Workers and owners of a number of companies involved in different sectors held protests on Monday against a planned reform of the tax legislation that they claim will hit their industries hard.
The separate protests at the central government office in Yerevan included workers of Hay Cola, an Armenian company producing carbonated drinks, and owners of pawnshops and currency exchange offices.
Hay Cola employees demanded the revision of planned tax code provisions, according to which excise taxes will be applied in relation to carbonated beverages containing sugar, flavor and odor additives.
According to the company’s director Tigran Hovsepian, if the changes are adopted, hundreds of workers will become unemployed amid falling sales.
Hovsepian said that the tax burden will only slightly affect companies working in the more expensive segment of the beverages market as prices for their products are expected to rise by only some 11-15 percent. “It is the sales in the ‘economy’ segment of the market that will definitely suffer terrible losses,” he claimed.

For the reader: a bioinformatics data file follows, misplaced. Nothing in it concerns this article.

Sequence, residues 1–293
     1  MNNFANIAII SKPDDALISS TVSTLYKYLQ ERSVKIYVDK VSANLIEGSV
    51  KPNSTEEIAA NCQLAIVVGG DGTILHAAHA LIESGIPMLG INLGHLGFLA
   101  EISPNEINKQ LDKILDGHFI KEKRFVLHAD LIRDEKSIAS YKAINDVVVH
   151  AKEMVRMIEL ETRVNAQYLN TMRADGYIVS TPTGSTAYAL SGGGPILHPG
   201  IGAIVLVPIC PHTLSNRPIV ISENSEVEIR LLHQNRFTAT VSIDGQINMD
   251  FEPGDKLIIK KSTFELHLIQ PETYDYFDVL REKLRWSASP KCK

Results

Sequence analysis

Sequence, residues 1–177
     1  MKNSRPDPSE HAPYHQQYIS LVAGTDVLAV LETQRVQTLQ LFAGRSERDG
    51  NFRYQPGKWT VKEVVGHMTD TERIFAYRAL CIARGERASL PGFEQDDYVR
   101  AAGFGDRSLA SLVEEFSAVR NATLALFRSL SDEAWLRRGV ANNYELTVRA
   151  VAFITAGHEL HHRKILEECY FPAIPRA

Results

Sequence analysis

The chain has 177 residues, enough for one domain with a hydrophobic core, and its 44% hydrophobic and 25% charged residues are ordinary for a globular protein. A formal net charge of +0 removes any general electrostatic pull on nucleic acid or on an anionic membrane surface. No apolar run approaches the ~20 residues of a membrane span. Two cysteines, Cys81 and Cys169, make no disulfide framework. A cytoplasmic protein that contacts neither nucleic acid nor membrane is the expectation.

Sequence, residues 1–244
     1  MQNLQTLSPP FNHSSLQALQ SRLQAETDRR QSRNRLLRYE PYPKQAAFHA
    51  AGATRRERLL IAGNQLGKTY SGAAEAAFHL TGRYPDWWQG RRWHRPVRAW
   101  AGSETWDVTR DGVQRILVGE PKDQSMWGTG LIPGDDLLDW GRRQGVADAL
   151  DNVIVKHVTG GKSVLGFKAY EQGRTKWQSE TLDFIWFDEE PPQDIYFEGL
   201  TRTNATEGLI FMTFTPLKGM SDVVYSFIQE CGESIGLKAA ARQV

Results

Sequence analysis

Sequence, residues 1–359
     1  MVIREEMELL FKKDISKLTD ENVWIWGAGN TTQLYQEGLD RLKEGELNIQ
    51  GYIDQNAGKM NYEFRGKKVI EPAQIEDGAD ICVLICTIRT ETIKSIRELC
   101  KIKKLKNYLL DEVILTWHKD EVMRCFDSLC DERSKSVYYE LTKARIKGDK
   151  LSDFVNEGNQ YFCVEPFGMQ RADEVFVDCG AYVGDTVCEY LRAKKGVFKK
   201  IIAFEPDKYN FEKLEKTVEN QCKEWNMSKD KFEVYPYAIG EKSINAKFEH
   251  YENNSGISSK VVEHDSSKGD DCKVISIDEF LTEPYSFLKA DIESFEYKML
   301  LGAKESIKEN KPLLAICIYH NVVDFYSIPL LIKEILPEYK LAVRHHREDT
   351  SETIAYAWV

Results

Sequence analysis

The reason for the protest by owners of pawnshops and currency exchange offices is the draft amendments proposed by the Central Bank in the law on state duties, which, if approved, will sharply raise the annual rate of fees paid in these areas.
Under the bill, in the case with pawnshops, the state duty will amount to 6 million drams (about $12,300) instead of the current 100,000 drams (over $200), and in the case with currency exchange offices their owners will pay 3 million drams instead of the current 50,000 drams.
“About 80 percent of today’s currency exchange points do not have sufficient profits to be able to pay that kind of fee. It makes this business unprofitable,” one of the demonstrators told RFE/RL’s Armenian Service.
While the protesters were waiting for Finance Minister Atom Janjughazian to come out and listen to their demands, Deputy Parliament Speaker Alen Simonian, who represents Prime Minister Nikol Pashinian’s Civil Contract Party, came to meet with the protesters.
“I cannot answer [your questions] now. But I promise that I will discuss all this with my colleagues. I will discuss it not only at the National Assembly, but also with representatives of my political team. I will tell them that there is such a problem,” Simonian said.